#TheDigitalAge

Posted by Emma Agamian

Brabners

Thu 27th, Jul

Everyone knows there are certain archaic formalities to be complied with in order to execute a valid Will (although not everyone knows exactly what they are), but all that could soon be changed under radical changes to the law currently being proposed by the Law Commission. The consultation will run until November 2017 and will cover matters such as lowering the age at which a person can make a Will from 18 to 16, introducing a new mental capacity test to take account of improved understanding of conditions like dementia and suggesting that people will be able to use voicemail and text messages to make their Wills.

Under the proposals, the law would be relaxed to allow electronic communications to be recognised as a valid Will where the person’s intentions regarding the distribution of his/her estate were clear.  The Courts would have the power to rule on whether the person’s wishes were accurately recorded, without needing to consider whether the strict rules of Will making had been adhered to.

With online systems for creating Lasting Powers of Attorney and the Probate Service also introducing a new online application process, it is tempting to panic about shortly being replaced by a robot.  However, there will clearly always be a need for careful planning both for tax mitigation and for asset protection over the longer term.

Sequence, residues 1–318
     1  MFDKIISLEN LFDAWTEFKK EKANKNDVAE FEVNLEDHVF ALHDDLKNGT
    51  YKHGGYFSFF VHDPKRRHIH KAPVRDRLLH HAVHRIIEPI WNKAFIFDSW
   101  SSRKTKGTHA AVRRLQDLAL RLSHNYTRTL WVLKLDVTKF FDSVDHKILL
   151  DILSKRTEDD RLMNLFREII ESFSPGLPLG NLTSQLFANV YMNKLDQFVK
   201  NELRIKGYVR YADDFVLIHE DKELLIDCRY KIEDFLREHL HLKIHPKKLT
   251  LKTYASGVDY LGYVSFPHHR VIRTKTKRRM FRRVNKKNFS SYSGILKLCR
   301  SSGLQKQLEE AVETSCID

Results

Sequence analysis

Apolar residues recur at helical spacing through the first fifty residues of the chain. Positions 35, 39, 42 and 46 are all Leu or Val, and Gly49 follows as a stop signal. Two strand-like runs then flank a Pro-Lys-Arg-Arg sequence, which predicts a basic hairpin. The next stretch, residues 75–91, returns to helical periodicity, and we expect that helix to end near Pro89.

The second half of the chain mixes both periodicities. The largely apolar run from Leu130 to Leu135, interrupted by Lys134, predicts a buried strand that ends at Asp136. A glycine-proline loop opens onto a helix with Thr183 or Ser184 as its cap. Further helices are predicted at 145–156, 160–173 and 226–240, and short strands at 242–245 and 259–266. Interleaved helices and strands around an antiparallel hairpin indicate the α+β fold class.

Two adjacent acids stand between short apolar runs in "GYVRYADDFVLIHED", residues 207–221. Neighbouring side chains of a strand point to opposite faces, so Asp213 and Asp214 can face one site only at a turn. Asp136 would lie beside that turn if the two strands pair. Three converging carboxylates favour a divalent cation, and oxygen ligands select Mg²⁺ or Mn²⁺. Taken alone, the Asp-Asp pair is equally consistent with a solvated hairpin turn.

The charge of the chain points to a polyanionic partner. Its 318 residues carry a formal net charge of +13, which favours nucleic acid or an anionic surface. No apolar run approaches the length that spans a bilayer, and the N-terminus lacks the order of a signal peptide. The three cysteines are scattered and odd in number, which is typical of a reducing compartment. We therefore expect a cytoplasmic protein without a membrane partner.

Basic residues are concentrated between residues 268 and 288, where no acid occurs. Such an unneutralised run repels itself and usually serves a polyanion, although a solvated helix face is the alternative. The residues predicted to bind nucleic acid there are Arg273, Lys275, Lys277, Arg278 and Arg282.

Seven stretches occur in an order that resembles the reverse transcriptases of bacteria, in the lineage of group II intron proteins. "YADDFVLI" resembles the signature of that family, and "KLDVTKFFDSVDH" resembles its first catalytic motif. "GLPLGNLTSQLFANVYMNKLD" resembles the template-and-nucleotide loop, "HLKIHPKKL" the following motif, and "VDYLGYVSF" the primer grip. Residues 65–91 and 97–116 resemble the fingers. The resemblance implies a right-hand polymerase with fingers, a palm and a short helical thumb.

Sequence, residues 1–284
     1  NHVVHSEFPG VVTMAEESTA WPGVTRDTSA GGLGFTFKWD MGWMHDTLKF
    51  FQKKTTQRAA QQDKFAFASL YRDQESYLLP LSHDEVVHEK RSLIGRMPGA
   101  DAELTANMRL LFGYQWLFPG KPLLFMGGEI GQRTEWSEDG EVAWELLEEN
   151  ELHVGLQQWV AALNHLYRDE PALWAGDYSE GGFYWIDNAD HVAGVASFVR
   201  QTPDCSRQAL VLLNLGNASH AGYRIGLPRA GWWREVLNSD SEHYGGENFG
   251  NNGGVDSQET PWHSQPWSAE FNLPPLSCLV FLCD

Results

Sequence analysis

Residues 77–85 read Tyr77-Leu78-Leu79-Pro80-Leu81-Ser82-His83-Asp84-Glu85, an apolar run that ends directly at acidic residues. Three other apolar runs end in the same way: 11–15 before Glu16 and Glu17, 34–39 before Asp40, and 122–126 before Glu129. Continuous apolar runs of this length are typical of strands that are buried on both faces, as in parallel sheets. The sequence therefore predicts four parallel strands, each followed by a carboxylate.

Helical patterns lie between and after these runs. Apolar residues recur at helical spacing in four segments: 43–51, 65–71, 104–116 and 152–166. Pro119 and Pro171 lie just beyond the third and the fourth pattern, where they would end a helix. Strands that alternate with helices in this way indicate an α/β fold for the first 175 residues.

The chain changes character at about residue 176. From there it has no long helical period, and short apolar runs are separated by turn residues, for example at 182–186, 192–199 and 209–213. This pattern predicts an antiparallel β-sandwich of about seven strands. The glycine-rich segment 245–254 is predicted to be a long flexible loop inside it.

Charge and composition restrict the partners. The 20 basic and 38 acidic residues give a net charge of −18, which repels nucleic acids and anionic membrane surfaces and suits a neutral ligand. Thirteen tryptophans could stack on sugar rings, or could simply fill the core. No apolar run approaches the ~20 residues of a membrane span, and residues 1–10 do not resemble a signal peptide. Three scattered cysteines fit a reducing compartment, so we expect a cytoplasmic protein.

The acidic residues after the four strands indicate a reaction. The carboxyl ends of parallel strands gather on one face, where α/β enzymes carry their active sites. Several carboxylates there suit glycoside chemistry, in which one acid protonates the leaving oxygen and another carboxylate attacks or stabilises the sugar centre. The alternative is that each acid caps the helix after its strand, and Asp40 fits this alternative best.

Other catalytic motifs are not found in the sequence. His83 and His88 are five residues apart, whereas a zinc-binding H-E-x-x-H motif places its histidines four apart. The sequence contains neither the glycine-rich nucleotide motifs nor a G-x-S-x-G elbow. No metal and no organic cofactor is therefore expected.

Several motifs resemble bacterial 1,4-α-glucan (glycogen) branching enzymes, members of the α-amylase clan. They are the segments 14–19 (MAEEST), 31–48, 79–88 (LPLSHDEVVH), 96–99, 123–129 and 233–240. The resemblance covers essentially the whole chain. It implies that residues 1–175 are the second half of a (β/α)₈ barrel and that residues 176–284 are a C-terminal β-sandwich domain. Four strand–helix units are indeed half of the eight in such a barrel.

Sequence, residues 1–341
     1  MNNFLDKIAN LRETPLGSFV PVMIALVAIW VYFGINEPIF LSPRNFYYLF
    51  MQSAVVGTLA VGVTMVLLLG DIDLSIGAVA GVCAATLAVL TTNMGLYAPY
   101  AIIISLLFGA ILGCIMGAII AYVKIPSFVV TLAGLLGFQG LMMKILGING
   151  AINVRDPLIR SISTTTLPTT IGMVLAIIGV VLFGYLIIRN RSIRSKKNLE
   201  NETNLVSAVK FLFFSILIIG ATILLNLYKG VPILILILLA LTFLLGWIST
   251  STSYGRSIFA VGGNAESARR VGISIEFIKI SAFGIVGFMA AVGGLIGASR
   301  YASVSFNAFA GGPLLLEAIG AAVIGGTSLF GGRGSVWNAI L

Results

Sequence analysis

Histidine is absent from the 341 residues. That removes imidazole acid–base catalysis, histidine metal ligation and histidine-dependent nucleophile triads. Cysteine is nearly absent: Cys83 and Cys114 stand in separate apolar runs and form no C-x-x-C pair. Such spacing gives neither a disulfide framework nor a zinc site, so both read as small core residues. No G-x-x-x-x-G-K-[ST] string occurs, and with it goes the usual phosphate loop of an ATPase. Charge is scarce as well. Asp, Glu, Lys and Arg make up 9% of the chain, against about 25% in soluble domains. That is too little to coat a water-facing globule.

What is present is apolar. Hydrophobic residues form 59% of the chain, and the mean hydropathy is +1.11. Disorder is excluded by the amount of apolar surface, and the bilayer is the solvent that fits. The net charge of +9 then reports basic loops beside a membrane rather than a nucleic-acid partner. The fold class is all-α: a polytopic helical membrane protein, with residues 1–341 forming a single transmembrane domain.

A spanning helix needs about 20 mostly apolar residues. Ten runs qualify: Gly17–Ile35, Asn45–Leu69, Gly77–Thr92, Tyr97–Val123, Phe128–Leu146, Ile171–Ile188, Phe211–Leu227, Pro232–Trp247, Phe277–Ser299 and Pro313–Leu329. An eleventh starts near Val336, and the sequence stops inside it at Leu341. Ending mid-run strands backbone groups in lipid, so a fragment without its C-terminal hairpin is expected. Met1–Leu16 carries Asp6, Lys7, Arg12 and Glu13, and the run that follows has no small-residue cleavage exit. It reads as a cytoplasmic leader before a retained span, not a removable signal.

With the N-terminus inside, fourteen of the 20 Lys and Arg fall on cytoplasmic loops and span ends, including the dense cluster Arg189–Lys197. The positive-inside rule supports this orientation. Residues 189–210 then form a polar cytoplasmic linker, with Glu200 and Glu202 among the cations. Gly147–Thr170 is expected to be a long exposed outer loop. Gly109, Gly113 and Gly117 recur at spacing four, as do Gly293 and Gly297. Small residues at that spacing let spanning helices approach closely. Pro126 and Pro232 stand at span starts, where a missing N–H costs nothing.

Although an overhaul of what can be considered to be an “outdated” system may be welcome, care will need to be taken to avoid people putting in place valid Wills without appreciating the implications.  There is an instinctive concern that this may open the door to coercion of vulnerable people and claims from dissatisfied beneficiaries who produce passing comments recorded in messages as evidence of intention, but the proposals will cover various technical issues and hope to address these concerns.

It will be interesting to see the responses to the consultation but, without adequate safeguarding, the result of such radical changes may be simply much more litigation after the event….

To find out more on the subject please contact Emma Agamian or a member of our Private Client Department.

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